from the decreased carrier concentration and strong point defects due to Ge alloying. The electronic thermal conductivities (κele) which can be calculated with κele = LσT are shown in Figure 6d. The Lorenz number is calculated using the reduced chemical potential method,24,41 which is presented in Figure 6c. The details for the calculation can be seen in the Supporting Information. It is apparent that the κeles for Sn0.99‑yAg0.01GeySe samples are lower than those of the Ge-free sample, which arises from the inferior carrier concentrations and yields decreased electrical conductivities. The lattice thermal conductivities present a similar reduction trend with the increase of Ge content as shown in Figure 6e. This can be explained by the smaller size of Ge atoms causing strong point defect scattering when Ge occupies the Sn site. The theoretical values of κlat at 300 K are calculated according to the Callaway model for further estimating the reduction on κlat.42 Details for this calculation are demonstrated in our Supporting Information. The experimental lattice thermal conductivities are consistent with the theoretical plot, as seen in Figure 6f. This can be a good confirmation for the enhanced phonon scattering and decreased lattice thermal conductivities due to Ge alloying.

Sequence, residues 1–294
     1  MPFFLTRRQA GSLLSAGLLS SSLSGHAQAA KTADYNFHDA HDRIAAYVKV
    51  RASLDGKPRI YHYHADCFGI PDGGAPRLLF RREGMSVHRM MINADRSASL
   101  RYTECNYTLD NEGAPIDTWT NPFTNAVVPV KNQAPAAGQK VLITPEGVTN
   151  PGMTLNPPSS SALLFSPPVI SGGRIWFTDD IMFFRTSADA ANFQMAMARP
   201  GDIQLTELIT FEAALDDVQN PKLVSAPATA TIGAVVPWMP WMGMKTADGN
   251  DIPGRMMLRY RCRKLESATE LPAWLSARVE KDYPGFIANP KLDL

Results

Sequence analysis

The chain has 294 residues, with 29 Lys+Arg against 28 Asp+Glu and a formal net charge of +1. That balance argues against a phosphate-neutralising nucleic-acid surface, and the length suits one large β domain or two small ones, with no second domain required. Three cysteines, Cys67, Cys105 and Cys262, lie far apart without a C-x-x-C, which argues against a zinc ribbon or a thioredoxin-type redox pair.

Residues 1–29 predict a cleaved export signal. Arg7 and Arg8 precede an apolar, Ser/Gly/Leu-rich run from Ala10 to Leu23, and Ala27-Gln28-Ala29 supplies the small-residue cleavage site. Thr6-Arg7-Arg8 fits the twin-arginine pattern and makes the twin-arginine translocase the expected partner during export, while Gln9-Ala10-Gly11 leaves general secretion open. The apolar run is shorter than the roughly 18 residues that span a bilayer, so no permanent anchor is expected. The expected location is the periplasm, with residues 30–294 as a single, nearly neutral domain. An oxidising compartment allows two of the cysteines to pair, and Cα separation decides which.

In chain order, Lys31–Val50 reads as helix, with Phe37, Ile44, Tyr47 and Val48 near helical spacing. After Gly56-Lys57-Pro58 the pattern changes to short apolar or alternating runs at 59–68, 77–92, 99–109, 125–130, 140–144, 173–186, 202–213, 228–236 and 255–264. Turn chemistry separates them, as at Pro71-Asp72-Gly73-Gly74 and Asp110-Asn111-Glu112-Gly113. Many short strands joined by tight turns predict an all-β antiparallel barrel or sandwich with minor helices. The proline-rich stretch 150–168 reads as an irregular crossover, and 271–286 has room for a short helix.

4. CONCLUSION In this work, two sets of samples are synthesized by melting and sintered by SPS method, Sn1−xAgxSe with x changing from 0 to 0.03 and Sn0.99‑yAg0.01GeySe with y changing from 0.01 to 0.02. The carrier concentration of undoped SnSe can be increased to 1.0 × 1019 cm−3 through doping with 1% Ag. The Seebeck coefficients are properly improved through enhancing the band effective mass through Ge alloying, which further leads to the greatly enhanced power factor ∼ 10.0 μW cm−1 K−2 at 793 K. Meanwhile, Ge-alloying induce strong point defects to decrease the lattice thermal conductivity. Consequently, remarkable improvement upon ZT ∼ 1.5 is obtained for Sn0.975Ag0.01Ge0.015Se because of the synergistically optimized power factor with significantly lower thermal conductivity. Present results elucidate that polycrystalline SnSe could achieve more excellent thermoelectric property by further optimizing the carrier concentration. D